Each CCE develops and implements procedures for providing services to its members.

    1. Member Retention

      Each CCE is responsible for conducting activities that enable the CCE to maintain contact with enrolled members and promote their continued participation in the Program. Each CCE must attempt to update contact information for all members assigned to that CCE on an annual basis. Contact methods include mailings, telephone calls, or emails and contact attempts should continue until the member is contacted or until three attempts have been made using at least two methods of contact.

    2. Outreach and Education

      CCEs conduct outreach and education to ensure that those persons who are eligible for care through the WTC Health Program are made aware of their eligibility and know how to enroll in the Program. Outreach is specifically not intended to advertise one CCE over another, but rather to advertise the existence of the WTC Health Program and to ensure the Program’s benefits are communicated to all eligible participants. CCE outreach and education activities are undertaken in coordination with Program leadership and the HPS contractor, which operates the Program’s call center. Types of outreach and education services include:

      • Answering general questions in regard to program eligibility processes
      • Collaborating with the Program leadership, appropriate DC, and other CCEs in standing up and maintaining a Section 508-compliant Website to provide WTC Health Program information for the members being served. Explaining members’ rights and responsibilities under the Program
      • Collaborating with the Program leadership, appropriate DC, and other CCEs in providing program information updates to members and providers (e.g., newsletters, letters, brochures, email)
      • Explaining the process for obtaining WTC Health Program services
      • Providing information on the providers from whom WTC Health Program members may obtain services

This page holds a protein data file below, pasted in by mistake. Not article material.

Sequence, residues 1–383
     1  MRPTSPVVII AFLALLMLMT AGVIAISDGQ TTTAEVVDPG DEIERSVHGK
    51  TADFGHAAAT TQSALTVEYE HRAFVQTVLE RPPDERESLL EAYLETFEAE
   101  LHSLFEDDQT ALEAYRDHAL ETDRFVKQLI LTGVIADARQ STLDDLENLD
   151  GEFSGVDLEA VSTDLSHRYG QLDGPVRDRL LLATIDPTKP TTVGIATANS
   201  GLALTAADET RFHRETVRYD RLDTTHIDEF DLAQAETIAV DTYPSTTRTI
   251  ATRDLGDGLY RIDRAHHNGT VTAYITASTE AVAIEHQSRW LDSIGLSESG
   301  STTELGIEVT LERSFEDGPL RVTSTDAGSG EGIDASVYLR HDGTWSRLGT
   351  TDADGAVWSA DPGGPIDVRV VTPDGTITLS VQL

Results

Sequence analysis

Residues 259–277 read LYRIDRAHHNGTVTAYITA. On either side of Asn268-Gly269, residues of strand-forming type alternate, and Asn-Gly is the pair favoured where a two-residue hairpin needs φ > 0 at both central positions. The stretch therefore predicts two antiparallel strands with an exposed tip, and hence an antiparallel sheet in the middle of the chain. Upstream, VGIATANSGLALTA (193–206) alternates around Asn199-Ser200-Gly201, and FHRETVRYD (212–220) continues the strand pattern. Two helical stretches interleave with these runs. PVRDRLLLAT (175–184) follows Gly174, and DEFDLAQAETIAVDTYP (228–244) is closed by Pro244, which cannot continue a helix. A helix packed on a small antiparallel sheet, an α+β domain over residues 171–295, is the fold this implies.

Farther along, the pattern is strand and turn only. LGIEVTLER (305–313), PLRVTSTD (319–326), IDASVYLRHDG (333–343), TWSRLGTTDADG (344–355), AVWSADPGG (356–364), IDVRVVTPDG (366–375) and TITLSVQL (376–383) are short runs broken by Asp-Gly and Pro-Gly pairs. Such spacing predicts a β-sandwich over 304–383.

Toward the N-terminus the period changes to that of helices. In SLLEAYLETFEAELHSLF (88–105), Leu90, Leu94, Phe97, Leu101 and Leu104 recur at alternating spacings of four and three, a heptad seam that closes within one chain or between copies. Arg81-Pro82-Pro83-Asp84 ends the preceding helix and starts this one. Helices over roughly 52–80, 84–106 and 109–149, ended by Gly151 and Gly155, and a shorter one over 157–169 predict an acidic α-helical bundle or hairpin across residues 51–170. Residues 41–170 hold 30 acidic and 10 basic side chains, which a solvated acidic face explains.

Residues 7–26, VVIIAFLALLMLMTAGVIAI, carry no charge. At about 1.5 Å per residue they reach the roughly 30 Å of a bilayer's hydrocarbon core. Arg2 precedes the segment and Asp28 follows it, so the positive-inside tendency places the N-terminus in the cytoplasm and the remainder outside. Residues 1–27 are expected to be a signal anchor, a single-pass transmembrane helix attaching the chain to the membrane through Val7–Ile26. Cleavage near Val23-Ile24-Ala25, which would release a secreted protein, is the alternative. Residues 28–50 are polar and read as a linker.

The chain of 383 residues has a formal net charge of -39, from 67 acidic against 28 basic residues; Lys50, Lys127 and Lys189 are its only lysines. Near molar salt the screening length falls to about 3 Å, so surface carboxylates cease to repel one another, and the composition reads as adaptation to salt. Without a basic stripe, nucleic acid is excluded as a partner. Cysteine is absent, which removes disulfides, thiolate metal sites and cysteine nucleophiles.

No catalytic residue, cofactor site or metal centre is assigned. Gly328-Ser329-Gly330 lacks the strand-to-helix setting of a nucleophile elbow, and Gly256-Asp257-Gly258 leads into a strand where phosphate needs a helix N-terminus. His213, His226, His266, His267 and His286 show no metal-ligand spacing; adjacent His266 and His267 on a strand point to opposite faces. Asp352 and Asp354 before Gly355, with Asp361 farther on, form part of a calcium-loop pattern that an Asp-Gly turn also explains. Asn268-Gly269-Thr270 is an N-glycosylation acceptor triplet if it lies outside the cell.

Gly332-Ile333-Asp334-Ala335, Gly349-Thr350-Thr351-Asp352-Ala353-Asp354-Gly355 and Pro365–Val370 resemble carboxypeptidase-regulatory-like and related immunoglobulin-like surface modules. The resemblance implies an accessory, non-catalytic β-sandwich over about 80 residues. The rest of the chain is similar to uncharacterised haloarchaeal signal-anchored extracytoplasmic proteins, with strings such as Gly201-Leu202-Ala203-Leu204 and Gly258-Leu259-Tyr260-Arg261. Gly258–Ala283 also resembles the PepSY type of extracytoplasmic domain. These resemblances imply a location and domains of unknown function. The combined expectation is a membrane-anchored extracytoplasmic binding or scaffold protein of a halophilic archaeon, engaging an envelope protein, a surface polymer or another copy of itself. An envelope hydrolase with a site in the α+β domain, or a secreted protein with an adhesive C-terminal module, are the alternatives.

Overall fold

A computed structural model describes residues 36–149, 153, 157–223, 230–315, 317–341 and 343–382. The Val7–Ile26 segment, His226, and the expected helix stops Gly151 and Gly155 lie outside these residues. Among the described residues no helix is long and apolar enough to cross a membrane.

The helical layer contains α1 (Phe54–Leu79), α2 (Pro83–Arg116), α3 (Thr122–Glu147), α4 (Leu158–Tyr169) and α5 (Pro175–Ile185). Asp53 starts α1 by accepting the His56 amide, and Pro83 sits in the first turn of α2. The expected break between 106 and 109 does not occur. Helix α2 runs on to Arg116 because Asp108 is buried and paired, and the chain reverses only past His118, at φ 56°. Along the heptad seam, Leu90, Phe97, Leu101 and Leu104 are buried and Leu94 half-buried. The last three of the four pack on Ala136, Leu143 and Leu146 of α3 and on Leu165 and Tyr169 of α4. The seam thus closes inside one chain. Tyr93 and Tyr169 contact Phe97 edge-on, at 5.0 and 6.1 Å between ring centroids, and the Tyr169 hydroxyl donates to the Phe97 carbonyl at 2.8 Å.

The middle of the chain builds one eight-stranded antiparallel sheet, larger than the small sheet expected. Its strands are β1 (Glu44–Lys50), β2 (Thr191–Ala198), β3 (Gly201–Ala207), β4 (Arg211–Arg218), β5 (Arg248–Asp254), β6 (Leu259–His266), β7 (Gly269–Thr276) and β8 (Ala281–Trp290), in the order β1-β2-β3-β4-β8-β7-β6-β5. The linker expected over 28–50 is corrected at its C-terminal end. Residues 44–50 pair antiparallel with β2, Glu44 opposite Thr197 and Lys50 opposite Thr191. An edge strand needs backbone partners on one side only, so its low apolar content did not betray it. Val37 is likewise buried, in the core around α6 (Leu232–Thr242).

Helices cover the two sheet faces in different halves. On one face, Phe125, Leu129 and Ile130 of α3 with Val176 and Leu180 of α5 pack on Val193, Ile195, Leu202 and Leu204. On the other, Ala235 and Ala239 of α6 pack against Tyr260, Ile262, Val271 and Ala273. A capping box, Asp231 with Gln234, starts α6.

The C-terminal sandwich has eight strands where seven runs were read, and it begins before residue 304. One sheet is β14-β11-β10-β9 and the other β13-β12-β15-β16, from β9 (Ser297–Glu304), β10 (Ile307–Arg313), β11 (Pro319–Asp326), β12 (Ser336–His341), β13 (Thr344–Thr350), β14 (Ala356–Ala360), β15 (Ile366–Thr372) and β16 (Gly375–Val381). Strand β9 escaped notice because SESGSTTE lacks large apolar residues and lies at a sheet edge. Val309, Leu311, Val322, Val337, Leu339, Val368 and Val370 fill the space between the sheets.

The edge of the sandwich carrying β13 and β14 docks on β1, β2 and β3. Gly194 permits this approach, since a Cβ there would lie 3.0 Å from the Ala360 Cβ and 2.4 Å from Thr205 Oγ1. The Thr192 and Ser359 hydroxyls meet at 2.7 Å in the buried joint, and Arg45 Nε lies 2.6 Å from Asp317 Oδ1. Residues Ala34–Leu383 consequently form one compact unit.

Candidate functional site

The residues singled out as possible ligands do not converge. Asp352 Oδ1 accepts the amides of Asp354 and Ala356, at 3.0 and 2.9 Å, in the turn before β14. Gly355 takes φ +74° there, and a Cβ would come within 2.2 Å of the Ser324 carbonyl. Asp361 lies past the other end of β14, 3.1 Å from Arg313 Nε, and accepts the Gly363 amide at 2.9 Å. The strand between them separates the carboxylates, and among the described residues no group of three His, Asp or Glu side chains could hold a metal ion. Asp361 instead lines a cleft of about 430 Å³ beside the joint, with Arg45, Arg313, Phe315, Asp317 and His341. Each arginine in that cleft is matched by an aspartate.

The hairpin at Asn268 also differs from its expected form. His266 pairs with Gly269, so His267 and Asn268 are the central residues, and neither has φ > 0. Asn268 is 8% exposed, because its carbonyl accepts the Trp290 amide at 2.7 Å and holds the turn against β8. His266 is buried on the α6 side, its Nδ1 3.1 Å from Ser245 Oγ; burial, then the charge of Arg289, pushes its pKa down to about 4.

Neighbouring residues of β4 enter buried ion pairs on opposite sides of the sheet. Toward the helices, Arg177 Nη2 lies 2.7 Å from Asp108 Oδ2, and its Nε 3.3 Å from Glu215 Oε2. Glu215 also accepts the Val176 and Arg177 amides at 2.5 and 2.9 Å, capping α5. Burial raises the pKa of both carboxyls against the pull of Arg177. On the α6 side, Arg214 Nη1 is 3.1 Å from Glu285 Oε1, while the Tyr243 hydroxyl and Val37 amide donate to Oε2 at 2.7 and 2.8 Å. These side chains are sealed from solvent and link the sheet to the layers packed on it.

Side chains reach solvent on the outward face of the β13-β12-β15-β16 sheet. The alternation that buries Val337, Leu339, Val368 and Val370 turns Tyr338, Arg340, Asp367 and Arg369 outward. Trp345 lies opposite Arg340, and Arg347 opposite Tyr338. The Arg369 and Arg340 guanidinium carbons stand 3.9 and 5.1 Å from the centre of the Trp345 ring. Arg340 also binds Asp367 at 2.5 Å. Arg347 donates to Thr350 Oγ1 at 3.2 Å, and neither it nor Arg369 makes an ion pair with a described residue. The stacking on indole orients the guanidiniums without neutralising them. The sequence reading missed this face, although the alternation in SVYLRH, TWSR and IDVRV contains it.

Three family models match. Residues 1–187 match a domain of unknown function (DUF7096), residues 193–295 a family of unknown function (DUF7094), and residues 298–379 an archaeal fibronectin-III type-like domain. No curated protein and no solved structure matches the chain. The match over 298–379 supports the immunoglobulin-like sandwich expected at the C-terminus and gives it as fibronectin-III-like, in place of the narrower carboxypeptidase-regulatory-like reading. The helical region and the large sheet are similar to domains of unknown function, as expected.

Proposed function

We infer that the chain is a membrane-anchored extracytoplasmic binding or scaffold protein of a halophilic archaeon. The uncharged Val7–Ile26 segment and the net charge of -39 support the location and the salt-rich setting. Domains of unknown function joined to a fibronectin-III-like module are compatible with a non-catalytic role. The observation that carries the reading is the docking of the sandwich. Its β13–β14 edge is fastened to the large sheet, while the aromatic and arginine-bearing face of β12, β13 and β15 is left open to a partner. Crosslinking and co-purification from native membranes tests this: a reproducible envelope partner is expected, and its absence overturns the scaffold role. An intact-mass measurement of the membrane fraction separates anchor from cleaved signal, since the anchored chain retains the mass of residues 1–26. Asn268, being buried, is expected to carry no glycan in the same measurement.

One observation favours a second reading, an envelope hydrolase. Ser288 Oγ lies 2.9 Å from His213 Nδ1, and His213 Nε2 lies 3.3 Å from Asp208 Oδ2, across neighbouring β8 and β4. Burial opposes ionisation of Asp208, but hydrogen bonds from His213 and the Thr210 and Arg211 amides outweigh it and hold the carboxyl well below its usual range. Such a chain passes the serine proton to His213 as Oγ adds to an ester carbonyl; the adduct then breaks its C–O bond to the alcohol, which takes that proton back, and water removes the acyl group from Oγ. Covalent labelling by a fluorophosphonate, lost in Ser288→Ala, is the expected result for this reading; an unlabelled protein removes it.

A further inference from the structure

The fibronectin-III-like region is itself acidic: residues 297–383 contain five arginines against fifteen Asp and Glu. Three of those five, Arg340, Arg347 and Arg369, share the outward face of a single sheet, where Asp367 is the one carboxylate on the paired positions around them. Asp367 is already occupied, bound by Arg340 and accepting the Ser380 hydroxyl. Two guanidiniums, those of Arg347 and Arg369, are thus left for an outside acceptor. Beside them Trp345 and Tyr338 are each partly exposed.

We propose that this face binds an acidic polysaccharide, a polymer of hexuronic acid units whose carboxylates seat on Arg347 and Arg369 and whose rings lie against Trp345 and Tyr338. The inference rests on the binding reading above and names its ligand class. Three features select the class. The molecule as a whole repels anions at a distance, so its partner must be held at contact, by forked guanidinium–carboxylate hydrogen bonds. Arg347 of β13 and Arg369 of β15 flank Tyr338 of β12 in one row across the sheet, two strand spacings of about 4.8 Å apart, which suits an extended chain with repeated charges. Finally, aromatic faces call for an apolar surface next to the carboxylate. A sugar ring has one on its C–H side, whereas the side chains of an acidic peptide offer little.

• Fielding and responding to member questions and complaints received regarding the WTC Health Program benefits and/or services (i.e., captured from member satisfaction survey, a resource line, or Case Managers)
      • Advising members of the available appeals process and the member’s rights to a fair review
      • Providing program benefits counseling, which includes explaining the benefits and covered services offered under the WTC Health Program, including WTC-related health conditions and medically associated WTC-related health conditions and limitations, and any conditions associated with the receipt or use of benefits
    3. Case Management

      Each CCE provides case management services to all members in treatment. The role of the Case Manager is to address the unique healthcare needs of individual members and improve client satisfaction with the program. Case Managers assist in scheduling visits, coordinating care between providers, and facilitating appeal requests.
    4. Social Services Support

      CCEs must provide social service evaluations and assistance to Program members, when needed. These services include assistance with identifying and completing applications to access social programs outside the WTC Health Program when assistance is needed with housing, transportation, food, or medical services that are not covered by the Program.

    5. Medical Reviews